The origin and fate of matter in our universe are the fundamental questions in nuclear astrophysics. The statement by Carl Sagan "we are made of star stuff" highlights and summarizes the fascination of this field. The desire and need for understanding the cosmos on the femto-scale while interpreting observations and events on the tera-scale created a momentum of intellectual fascination and challenge which has propelled the field to the forefront of physics.
The rapid growth of observational results, the tremendously expanding computational capabilities, and the new experimental and theoretical opportunities to probe and simulate the behavior of nuclei under extreme conditions now brings within reach the answers to many open questions. The rapid progress and expanding scope of the different disciplines constituting nuclear astrophysics also introduce an enormous level of complexity to the field.
The Physics Frontier Center JINA (Joint Institute for Nuclear Astrophysics) at the University of Notre Dame, Michigan State University, the University of Chicago, and Argonne National Laboratory will provide an intellectual center with the goal to enable swift communication and stimulating collaborations across field boundaries and at the same time provide a focus point in a rapidly growing and diversifying field.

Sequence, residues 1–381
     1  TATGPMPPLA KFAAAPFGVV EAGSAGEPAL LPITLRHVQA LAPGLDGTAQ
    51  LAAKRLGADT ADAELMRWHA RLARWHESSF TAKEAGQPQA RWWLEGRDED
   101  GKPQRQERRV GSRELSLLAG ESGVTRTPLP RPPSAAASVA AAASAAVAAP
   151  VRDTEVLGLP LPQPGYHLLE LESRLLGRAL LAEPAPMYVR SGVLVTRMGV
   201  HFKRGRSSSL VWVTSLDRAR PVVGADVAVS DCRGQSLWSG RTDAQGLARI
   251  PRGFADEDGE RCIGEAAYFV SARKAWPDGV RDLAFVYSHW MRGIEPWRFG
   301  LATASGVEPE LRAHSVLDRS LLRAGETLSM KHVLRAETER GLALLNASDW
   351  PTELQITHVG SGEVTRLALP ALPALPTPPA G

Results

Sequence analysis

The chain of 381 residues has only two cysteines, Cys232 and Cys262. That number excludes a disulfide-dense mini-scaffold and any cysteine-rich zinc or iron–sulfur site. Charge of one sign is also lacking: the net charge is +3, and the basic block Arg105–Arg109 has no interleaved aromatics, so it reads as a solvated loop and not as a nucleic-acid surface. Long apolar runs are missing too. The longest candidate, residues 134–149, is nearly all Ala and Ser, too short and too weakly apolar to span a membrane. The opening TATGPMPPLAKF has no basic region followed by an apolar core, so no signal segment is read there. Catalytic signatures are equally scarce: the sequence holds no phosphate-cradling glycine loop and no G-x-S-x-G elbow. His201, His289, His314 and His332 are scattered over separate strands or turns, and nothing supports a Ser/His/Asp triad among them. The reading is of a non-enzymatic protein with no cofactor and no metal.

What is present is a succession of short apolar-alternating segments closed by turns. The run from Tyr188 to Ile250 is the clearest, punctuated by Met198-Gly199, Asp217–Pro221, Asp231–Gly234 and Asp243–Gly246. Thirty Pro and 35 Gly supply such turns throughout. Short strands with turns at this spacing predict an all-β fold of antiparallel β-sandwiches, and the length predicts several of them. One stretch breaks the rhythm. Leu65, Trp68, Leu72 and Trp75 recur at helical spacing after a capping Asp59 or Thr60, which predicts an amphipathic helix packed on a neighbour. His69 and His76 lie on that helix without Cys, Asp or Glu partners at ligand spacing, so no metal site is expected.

JINA will foster interdisciplinary collaborations, workshops, research programs, and educational initiatives at its participating institutions as well as within the field of nuclear astrophysics at large. We invite the scientific community - astrophysicists and nuclear physicists - theorists and experimentalists - in the US and world wide to actively participate in this endeavor and to help make this project a success and a useful resource for the field of nuclear astrophysics.
At Michigan State University, JINA is supported by the Astronomy & Astrophysics group within the Department of Physics & Astronomy and the National Superconducting Cyclotron Laboratory (NSCL) and has its own website at